by Julie Stobbart
In my last blog post I talked about my gravel front garden and my plans for the space. I have spent a month arguing with myself about my plans for this garden. The only thing that is certain is that I want to grow salad leaves and greens. My original design for the space incorporated a bit of a Pagan colour scheme, with the east being used for white and pale colours, the south containing oranges and reds, the west blues and purples and the north greens and blacks. My main decision has been how much of the garden to put to cut flower production and how much to salads and greens. I have spent hours considering the pros and cons of annuals versus perennials, and trying to figure out whether to remove the gravel or use pots. I also need to consider the allotment that I hope to have in a year or two, and how these two spaces can work together.
I came to the conclusion that my garden is my zone 1 space, right next to the house, and therefore needs to be used for those things that I need to be able to nip out and pick a few of such as salads, greens and edible flowers. Cut flowers will be grown where I can nip along and pick a bunch every week, therefore probably the allotment. It would also be difficult to grow flowers for cutting in the front garden and deliberately go out and hack them down. I have a few snowdrops and daffodils planted with other perennials in the front garden and these will be enough the cheer me up in the spring when there is precious little else in the garden and I am desperately waiting for a sign of spring!
The first practical step has been removing an additional strip of gravel from the front of the garden. The gravel was moved to the middle of the ‘garden’, the membrane was left down, then a Bokashi bin’s contents was sprinkled over followed by four bags of compost. I deliberately left the membrane down which moved me towards annuals only, as perennials need more root space. I am now planning in March to plant areas of borage and pansies in the west and calendula and nasturtiums in the south. Kale, chard, spinach and salad will be interspersed between them. I’m also going to bring on some basil in the house in my heated propagator.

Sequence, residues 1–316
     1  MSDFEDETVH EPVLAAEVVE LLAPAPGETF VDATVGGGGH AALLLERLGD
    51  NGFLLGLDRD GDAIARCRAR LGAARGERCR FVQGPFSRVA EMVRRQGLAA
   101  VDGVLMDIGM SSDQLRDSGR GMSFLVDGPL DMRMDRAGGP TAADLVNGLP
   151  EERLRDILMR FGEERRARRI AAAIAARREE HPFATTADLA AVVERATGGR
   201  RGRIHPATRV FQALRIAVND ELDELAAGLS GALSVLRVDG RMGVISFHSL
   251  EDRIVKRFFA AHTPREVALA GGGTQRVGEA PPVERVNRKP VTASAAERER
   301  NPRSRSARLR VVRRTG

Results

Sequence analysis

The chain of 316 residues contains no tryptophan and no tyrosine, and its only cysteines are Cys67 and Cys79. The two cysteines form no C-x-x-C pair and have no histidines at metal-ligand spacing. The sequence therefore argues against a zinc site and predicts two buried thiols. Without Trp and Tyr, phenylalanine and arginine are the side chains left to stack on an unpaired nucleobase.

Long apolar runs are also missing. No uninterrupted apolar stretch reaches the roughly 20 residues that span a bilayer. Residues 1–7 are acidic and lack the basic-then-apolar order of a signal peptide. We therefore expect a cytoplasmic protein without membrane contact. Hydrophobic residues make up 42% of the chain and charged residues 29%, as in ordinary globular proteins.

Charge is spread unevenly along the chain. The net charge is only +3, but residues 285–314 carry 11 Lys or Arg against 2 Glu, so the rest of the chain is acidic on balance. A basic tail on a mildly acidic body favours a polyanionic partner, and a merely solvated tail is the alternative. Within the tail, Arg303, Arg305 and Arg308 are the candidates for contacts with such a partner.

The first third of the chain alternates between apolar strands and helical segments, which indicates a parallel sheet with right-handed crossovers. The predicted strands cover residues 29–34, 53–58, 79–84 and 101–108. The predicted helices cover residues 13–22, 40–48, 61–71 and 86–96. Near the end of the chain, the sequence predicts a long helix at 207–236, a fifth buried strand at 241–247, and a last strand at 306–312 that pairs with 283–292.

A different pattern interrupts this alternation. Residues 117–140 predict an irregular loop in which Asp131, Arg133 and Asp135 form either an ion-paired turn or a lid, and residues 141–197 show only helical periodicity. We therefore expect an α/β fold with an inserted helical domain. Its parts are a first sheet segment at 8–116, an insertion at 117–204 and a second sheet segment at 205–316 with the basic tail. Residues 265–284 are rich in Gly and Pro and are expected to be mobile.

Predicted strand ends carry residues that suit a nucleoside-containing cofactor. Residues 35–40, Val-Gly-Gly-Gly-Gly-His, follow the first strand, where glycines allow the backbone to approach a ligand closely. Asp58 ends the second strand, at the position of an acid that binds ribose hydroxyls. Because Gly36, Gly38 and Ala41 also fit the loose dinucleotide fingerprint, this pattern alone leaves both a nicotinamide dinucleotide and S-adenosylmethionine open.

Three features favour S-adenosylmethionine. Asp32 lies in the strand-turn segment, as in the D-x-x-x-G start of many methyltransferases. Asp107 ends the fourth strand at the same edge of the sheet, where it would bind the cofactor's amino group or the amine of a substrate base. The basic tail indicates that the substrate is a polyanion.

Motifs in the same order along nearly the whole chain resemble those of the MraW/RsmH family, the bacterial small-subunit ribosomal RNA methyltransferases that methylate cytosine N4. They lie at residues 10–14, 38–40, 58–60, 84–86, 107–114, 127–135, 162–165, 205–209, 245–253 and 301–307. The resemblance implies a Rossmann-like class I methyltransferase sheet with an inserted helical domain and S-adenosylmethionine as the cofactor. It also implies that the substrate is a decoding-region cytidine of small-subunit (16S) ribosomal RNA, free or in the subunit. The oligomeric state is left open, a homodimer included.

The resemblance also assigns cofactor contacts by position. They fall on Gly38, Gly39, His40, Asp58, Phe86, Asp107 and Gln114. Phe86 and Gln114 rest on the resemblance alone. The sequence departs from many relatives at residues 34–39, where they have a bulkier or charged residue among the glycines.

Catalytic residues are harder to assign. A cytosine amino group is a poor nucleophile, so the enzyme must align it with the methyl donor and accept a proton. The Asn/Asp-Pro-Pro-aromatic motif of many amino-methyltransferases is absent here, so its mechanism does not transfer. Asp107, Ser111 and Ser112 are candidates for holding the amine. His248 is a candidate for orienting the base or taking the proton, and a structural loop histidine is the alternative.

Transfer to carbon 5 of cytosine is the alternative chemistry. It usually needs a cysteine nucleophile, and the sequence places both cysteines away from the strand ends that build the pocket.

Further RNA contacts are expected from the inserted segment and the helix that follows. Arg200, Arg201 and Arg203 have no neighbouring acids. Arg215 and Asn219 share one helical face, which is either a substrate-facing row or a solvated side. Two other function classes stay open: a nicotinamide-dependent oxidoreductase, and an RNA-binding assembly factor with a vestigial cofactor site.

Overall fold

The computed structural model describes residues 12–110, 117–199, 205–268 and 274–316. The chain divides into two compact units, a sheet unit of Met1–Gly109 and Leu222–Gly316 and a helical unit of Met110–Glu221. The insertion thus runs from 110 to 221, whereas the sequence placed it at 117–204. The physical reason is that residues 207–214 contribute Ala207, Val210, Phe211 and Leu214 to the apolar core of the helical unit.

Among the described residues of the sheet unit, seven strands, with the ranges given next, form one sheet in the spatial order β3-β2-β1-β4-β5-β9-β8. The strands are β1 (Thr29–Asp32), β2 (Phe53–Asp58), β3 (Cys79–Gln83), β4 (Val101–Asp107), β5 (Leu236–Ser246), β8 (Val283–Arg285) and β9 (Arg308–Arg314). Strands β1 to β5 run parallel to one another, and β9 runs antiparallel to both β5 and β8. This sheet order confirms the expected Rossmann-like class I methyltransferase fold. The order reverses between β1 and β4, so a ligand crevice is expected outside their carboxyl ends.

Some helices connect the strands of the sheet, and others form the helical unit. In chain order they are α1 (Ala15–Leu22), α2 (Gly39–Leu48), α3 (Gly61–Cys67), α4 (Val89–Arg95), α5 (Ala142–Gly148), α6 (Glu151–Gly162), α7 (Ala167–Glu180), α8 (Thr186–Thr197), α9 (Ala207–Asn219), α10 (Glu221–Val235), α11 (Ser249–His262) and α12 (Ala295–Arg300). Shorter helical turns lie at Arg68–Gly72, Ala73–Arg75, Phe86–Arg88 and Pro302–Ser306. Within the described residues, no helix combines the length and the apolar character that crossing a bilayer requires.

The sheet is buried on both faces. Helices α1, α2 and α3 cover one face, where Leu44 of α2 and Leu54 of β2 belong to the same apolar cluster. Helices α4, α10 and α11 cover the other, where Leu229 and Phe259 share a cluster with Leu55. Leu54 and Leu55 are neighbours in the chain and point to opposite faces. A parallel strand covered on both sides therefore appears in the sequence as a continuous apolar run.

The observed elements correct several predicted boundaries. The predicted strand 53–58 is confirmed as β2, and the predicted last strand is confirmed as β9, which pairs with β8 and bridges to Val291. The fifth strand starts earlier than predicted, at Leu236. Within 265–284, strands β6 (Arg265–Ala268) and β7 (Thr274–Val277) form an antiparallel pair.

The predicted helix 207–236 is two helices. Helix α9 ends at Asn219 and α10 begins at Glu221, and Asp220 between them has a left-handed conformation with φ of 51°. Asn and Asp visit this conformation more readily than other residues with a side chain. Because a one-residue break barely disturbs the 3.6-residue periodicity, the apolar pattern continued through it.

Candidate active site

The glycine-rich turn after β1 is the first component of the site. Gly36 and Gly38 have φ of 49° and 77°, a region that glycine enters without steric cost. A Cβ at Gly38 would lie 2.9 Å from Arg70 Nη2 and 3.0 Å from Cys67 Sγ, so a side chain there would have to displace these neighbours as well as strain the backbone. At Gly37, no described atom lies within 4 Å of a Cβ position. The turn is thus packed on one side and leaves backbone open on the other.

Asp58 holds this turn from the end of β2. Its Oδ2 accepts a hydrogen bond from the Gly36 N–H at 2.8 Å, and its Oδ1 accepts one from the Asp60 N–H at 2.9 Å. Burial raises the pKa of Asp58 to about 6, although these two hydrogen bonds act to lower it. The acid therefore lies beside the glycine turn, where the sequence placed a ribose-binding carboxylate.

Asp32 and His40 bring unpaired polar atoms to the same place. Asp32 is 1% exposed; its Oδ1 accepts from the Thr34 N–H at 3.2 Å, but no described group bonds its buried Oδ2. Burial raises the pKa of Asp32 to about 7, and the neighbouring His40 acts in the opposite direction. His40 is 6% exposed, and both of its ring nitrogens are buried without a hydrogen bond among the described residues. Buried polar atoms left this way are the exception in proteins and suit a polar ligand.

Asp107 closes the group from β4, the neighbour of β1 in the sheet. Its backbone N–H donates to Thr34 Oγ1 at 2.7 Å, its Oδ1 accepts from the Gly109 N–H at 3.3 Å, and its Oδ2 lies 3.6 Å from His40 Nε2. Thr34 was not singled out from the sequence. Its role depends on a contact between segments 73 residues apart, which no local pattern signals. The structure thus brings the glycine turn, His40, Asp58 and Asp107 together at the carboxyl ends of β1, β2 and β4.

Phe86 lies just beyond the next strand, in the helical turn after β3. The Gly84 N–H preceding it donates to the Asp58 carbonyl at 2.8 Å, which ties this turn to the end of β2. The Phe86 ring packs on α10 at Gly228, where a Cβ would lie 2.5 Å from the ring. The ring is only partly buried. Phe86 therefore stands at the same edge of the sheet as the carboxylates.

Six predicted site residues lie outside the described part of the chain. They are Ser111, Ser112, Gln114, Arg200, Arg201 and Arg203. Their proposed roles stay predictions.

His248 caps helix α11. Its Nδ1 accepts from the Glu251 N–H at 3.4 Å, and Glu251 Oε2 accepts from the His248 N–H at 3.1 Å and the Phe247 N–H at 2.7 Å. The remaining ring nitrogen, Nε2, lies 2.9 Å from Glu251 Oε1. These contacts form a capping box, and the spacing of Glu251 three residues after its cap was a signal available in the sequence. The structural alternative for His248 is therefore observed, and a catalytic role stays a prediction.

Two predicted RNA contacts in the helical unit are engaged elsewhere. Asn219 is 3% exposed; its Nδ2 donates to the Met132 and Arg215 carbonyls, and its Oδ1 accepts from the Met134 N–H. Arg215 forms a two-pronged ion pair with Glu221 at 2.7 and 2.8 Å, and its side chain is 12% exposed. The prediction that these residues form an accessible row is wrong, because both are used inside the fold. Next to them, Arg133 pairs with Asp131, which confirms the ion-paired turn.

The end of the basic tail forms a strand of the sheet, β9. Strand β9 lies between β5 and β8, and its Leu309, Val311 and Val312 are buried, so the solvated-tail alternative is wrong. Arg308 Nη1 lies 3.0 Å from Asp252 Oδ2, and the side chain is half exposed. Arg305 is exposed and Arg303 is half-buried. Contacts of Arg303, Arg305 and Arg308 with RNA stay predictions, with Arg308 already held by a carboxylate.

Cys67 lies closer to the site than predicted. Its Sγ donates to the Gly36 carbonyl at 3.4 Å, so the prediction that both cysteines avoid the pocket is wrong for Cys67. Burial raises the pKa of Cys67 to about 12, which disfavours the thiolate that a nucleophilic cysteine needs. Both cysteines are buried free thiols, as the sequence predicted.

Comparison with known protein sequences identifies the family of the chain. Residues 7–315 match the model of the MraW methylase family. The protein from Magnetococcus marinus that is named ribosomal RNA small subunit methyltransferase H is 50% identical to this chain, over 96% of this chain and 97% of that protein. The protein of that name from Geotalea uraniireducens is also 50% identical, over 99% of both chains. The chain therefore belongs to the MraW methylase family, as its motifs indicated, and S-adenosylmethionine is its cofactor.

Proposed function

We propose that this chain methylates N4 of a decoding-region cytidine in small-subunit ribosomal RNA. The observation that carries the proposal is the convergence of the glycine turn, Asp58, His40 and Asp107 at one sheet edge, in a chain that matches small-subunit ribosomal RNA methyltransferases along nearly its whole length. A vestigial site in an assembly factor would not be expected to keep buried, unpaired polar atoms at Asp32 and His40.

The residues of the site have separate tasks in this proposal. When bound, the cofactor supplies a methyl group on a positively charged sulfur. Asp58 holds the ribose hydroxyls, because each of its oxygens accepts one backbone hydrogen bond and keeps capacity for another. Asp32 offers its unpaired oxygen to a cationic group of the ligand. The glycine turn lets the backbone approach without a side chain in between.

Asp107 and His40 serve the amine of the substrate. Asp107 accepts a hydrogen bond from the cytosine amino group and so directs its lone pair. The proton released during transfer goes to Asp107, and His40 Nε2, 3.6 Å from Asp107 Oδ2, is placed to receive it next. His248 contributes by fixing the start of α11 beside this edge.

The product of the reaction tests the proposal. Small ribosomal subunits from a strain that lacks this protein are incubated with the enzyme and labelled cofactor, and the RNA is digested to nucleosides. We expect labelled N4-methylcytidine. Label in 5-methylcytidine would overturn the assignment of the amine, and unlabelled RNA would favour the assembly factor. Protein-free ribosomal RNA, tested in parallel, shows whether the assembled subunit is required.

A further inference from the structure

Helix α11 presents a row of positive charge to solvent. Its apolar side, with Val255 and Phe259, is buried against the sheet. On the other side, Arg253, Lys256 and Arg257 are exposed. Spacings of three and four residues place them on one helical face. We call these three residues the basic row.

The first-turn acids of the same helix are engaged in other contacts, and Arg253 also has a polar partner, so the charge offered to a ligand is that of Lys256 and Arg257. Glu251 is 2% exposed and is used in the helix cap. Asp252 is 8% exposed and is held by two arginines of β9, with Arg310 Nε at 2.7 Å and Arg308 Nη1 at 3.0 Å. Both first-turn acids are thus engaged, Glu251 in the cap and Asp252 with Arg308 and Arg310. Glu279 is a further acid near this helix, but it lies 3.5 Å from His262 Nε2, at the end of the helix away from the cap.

The next step will then be to dig out the gravel down each side of the garden, creating a border around much of the garden. These will be filled with further cut/edible flowers and later planting of the greens and leaves. Finally, the area at the bay window may be dug out to create a planting space underneath the window boxes that will contain annual herbs. Later on in the year these will be replaced with winter greens that may end up being protected by cloches.
I am also planning for my Ostara feast, which on this year is unfortunately going to be on Saturday 22nd March due to prior work commitments. My decorations are up, such as my felt wreath, my daffodil wreath and my salt dough decoration. I tend to change my decorations over about two weeks after a festival so that I have a month of build-up for the next one. Last year’s meal involved chocolate eggs being scattered all over the table and my son gorging on them and not eating his meal, but I guess that’s what it’s all about. I really enjoy planning the meal that I will share with family and friends, and for Ostara I don’t have a traditional meal yet so get to chop and change what I make. A big focus tends to be eggs, so I usually have to make a choice between an egg-based main course such as quiche and an egg-based dessert like lemon meringue pie. However this year I am getting into vegan baking so I might make a lemon pie from one of my vegan recipe books. This might be different enough to mean that a quiche is okay for my main course, then maybe a baby green leaf and sprout salad for starter with a honey and mustard dressing. I’m thinking vegetarian for this meal. I used to be vegetarian however now eat some fish and a little meat, but for the last couple of feasts we have had meat so it might be nice to heave a meat-free feast on this occasion.